Le Morte D'Arthur
"I love nat to be constrayned to love, for love muste only aryse of the harte selff, and nat by none constraynte."
"That ys trouth, sir, seyde the Kynge, "and with many knyghtes love ys fre in hymselffe, and never woll be bonde; for where he ys bonden he lowsith hymselff." (617.33-38)
"Wyte you well I shall love you and truste you the more bettir. For ever hit ys," seyde Kynge Arthure, "a worshypfull knyghtes dede to help and succoure another worshypfull knyght whan he seeth hym in daungere." (624.12-15)
For, lyke as wynter rasure dothe allway arace and deface grene summer, so faryth hit by unstable love in man and woman […] Lat every man of worshyp florysh hys herte in thys worlde, firste unto God, and, and nexte unto the joy of them that he promysed hys feythe unto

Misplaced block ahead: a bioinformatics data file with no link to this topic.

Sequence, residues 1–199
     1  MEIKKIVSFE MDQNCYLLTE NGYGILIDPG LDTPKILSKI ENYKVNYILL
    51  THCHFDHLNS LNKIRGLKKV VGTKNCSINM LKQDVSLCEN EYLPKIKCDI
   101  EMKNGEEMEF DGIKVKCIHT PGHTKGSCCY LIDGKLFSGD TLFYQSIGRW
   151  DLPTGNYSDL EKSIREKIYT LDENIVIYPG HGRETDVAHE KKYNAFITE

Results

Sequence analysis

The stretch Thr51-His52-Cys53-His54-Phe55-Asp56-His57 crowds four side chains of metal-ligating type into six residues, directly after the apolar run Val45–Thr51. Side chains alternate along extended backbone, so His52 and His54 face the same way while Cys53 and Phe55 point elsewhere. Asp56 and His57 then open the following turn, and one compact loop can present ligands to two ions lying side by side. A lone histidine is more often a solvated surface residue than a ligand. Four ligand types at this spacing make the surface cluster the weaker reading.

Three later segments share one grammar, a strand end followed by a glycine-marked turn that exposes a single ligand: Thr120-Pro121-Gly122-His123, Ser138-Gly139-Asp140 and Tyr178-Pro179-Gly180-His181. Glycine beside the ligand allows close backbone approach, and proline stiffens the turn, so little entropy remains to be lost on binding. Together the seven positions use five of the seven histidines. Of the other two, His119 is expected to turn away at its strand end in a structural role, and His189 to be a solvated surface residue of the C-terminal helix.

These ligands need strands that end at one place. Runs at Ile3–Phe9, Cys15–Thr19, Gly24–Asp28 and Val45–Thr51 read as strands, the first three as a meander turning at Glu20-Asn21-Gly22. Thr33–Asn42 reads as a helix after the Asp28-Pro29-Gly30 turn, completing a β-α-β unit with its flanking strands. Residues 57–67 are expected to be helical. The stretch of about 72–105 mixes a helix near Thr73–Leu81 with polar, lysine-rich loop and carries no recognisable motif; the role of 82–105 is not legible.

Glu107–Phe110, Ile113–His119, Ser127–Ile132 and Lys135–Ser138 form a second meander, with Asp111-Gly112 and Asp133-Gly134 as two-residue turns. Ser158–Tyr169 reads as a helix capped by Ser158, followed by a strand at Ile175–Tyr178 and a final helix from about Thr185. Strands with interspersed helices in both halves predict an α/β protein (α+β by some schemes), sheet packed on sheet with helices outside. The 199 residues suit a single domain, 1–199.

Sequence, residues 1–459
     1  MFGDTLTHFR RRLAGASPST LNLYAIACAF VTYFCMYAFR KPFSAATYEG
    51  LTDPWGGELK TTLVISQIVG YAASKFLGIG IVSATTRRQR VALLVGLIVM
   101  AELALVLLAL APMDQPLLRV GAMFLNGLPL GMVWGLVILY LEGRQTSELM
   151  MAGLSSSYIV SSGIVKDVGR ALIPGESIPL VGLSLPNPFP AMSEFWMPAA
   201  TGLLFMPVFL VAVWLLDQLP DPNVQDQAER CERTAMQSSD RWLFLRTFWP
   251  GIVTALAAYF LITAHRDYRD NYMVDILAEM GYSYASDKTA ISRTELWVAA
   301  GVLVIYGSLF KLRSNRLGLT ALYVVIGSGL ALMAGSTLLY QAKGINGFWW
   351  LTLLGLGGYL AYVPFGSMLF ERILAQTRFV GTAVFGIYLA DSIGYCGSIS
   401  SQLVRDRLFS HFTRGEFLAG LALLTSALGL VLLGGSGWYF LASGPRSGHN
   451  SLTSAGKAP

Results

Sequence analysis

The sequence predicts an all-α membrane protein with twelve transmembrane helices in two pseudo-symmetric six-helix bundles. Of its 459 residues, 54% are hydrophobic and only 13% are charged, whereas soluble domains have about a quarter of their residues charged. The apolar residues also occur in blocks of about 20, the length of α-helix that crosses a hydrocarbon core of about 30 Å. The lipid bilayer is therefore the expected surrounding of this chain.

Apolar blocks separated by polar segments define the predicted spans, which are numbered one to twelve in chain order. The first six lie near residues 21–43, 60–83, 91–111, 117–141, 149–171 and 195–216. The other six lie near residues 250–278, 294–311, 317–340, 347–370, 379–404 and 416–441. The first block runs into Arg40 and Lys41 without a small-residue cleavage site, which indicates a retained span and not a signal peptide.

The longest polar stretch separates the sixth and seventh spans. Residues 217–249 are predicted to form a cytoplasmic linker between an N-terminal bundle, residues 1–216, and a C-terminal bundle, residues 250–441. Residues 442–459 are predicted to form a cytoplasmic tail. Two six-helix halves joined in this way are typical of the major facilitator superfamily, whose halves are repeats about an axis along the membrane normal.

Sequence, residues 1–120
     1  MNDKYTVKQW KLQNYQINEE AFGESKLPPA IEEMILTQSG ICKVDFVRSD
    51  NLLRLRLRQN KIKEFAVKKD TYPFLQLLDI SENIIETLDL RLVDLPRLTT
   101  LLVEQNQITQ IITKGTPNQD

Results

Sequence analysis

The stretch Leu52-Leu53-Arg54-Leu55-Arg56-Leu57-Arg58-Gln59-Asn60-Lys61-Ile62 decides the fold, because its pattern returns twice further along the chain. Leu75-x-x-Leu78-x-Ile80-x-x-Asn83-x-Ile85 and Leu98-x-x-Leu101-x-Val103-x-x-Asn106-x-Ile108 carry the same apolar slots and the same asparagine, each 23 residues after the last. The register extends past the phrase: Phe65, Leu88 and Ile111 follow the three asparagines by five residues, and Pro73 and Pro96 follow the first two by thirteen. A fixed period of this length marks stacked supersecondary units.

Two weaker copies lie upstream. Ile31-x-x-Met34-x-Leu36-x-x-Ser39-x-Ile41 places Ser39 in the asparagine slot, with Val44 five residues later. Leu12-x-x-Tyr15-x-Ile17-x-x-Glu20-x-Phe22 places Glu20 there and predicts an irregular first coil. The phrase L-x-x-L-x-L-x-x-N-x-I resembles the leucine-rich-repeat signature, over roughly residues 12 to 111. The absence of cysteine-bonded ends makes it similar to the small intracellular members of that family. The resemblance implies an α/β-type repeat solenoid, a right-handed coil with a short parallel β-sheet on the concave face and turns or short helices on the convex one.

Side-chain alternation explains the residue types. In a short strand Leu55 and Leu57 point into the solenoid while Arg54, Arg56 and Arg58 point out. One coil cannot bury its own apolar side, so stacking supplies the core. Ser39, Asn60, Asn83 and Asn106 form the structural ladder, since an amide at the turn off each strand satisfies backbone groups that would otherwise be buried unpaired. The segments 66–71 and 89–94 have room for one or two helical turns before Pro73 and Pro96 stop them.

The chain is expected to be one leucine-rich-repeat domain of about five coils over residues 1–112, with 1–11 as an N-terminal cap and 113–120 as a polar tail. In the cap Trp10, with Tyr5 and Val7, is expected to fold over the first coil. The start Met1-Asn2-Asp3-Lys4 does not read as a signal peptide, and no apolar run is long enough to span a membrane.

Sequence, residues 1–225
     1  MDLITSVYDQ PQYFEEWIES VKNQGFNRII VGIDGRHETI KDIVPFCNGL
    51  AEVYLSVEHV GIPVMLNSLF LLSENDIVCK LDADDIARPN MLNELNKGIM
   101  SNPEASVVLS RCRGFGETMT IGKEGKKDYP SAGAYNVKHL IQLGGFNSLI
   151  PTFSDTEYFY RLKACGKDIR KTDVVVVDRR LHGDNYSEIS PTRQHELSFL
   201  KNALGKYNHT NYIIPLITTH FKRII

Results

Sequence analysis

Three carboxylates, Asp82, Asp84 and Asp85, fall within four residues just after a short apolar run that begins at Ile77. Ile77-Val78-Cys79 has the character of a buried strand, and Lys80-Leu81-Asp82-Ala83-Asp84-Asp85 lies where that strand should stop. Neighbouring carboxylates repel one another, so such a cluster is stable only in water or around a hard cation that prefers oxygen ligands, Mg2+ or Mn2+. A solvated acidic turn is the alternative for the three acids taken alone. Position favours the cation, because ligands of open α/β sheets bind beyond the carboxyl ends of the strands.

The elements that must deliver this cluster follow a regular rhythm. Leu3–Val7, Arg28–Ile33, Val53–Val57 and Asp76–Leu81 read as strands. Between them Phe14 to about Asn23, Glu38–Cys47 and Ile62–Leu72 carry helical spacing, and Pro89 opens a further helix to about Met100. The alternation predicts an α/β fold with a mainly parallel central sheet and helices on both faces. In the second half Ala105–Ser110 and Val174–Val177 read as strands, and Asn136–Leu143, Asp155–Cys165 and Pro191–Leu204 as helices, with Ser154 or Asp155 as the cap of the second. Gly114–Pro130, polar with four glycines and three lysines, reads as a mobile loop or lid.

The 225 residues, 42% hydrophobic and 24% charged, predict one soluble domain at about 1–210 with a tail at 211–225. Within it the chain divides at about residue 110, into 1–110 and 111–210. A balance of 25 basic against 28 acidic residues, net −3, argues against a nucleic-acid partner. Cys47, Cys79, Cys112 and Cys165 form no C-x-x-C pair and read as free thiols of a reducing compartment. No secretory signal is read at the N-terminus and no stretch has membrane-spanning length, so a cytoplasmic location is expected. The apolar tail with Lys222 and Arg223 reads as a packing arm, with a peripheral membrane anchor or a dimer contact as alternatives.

[...] But firste reserve the honoure to God, and secundely thy quarell must com of thy lady – and suche love I calle vertuouse love. (624.37-38, 46-48, 50-625.2)